May 15, 2011 • In web :: Features
Every Girl is a Riot Grrrl
The Riot Grrrl movement of the early 90s paved the way for women musicians and their fight for feminism. Writer Carly Lewis takes a look at what this movement means for feminists today and chats with author Sara Marcus about her book, “Girls to the Front: The True Story of the Riot Grrrl Revolution.”
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This meant that more young girls were picking up drumsticks and guitars and securing themselves a place in the music world alongside their male counterparts. The Riot Grrrls are thought of as pioneers, not only for women who play music, but for anyone who believes in the value of doing whatever you feel like doing and not being quiet about it.
"The spread of this permissive DIY ideal meant that people could find their voices and styles through experience and experimentation as much as (or more than) through imitation," says Marcus. Making and distributing zines were a big part of the Riot Grrrl movement. It was a way to spread the message of feminism, rally people together for protests and meetings, share new art and music and above all, to uphold a strong sense of community. These days, the work of zines tends to be done using the Internet instead of glue and scissors, but Marcus says that's okay. "Zines played an important function in the Riot Grrrl movement, but online communications can fulfill similar roles as long as we're intentional about it. When I mailed somebody a zine in the '90s, I would frequently include a long letter about what I'd been thinking about lately or what I'd thought of the other person's last zine. It was much more involved than just hitting "like" or "reblog" on somebody else's Tumblr post, and it meant we were having substantive conversations about ideas, discussing one another's work and trying to carry the conversation forward.”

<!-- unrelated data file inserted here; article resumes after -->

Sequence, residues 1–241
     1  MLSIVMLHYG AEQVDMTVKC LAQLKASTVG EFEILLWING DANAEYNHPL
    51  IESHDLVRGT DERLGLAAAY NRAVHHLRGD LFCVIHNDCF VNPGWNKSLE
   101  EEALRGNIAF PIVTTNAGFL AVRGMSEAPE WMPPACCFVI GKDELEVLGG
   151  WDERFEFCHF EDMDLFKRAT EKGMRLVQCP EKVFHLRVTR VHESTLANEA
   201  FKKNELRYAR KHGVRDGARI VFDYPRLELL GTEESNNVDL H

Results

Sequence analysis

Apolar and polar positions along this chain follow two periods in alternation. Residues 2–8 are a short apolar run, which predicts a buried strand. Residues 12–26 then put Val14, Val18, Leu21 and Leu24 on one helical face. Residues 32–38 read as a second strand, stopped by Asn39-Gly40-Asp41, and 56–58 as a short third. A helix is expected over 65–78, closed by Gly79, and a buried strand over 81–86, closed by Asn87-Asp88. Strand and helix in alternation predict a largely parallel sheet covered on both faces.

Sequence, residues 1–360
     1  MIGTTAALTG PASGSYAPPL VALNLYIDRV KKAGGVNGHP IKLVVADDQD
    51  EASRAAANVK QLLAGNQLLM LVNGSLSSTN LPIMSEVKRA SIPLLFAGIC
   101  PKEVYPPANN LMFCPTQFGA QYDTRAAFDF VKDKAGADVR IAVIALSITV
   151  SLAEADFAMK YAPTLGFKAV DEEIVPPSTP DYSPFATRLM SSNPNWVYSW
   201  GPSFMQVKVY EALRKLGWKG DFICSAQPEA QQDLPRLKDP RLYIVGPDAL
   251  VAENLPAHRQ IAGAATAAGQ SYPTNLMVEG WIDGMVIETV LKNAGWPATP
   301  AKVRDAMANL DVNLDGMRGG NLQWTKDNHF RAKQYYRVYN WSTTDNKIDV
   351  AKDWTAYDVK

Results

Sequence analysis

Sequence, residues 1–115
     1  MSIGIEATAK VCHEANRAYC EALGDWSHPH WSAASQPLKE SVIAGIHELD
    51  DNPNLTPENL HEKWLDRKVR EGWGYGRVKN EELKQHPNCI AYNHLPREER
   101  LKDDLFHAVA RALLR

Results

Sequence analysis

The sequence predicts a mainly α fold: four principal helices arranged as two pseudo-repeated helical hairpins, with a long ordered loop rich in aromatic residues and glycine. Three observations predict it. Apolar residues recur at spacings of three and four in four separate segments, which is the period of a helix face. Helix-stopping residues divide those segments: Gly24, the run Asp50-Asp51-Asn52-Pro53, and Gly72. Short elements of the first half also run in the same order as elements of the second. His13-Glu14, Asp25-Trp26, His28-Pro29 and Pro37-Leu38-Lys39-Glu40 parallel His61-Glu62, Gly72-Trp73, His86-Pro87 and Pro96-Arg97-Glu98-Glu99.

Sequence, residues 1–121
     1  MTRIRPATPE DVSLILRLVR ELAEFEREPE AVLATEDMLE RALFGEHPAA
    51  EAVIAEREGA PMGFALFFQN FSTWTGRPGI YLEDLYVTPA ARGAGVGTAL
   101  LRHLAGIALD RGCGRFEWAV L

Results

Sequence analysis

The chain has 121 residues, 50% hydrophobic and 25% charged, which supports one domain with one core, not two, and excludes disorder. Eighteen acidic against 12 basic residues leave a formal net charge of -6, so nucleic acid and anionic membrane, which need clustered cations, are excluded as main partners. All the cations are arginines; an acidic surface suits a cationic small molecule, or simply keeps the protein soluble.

To the Riot Grrrls of today looking for a sense of community, Marcus has some suggestions. "Why do so many young feminists' blogs just involve posting images?" she asks. "I would love to see people start writing more about their reactions to the images they post, and including in-depth responses when reposting other people's blog posts."